How can you compare the articles "Throwing like a girl" by James Fallows and the "Sam Gordon: Nine-Year-old Girl Footbal Sensation" video?    

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litteacher8 eNotes educator | Certified Educator

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There are some obvious advantages to video.  Video allows you to actually see things, where a print article can only describe them.  The advantage to a print article is that distribution is easier.  Another main advantage of an article is that you can get more information, and more sophisticated information, such as this.

 Recently, on the heels of the O. J. Simpson case, a book appeared in which the phrase was used to help explain why male athletes, especially football players, were involved in so many assaults against women. (theatlantic.com)

The video, on the other hand, is more sensationalized.  It focuses on the “interest” factor, and is less serious than the article about the social ramifications of a girl being able to throw a football.  Yet each piece serves its purpose, and together they tell a very interesting story about America and its feelings on gender and sports.

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Jason Lulos eNotes educator | Certified Educator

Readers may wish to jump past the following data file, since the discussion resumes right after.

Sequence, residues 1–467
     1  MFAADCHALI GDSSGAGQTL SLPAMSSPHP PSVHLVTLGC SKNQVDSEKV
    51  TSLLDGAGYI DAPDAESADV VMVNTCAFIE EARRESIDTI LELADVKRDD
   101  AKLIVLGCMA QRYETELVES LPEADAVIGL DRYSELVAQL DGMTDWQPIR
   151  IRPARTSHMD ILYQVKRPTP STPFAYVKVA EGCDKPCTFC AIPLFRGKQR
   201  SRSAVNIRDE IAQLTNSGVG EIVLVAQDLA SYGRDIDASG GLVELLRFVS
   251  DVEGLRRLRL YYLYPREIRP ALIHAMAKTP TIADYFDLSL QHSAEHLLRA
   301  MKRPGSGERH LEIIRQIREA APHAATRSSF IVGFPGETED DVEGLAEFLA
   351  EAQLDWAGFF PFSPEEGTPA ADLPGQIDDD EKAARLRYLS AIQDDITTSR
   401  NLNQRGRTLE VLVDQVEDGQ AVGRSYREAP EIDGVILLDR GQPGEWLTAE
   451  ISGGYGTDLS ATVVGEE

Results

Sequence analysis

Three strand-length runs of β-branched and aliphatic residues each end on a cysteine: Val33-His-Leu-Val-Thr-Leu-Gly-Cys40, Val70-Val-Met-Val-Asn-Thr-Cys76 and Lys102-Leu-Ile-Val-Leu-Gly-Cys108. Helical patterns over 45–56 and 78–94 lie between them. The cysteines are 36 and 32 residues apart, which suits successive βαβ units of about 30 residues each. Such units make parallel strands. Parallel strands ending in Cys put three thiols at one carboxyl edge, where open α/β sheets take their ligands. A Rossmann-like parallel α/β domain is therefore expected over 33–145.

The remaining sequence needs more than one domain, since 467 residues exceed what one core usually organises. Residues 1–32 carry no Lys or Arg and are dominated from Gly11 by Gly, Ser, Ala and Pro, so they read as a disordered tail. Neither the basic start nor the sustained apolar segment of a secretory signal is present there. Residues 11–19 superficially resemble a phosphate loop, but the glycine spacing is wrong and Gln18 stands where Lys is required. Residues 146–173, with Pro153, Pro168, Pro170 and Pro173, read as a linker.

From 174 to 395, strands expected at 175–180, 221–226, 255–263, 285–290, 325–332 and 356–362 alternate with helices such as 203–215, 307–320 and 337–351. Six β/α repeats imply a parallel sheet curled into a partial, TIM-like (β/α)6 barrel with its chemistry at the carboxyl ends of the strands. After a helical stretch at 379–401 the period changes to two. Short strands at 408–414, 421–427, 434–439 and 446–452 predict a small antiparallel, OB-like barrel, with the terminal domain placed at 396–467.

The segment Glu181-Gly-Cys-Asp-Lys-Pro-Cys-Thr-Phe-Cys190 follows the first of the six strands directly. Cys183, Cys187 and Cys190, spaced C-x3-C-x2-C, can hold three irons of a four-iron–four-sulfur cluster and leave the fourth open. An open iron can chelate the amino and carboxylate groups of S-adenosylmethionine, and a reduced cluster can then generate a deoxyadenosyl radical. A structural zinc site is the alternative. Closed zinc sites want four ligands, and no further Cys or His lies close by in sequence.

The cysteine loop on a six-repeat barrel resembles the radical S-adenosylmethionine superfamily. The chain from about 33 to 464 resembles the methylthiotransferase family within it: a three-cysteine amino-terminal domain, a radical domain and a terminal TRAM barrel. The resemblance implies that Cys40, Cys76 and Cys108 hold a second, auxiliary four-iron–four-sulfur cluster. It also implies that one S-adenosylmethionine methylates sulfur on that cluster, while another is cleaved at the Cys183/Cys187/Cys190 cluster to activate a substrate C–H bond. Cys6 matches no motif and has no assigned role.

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Read/viewed together, it's almost as if Fallows' article is a theory or a hypothesis and the video of Sam Gordon is the experiment and evidence proving the theory that "throwing like a girl" is not based on gender. If a man or woman "throws like a girl" ("throws poorly" is more appropriate), it is because of a lack of practice. The purpose of the article and the response to the video is to confirm this theory that a girl or boy can learn to throw well. If you want to put this into context or a discussion area, I would say the article and the video could be discussed in the context of men and women in sports and the context of (challenging) gender bias.

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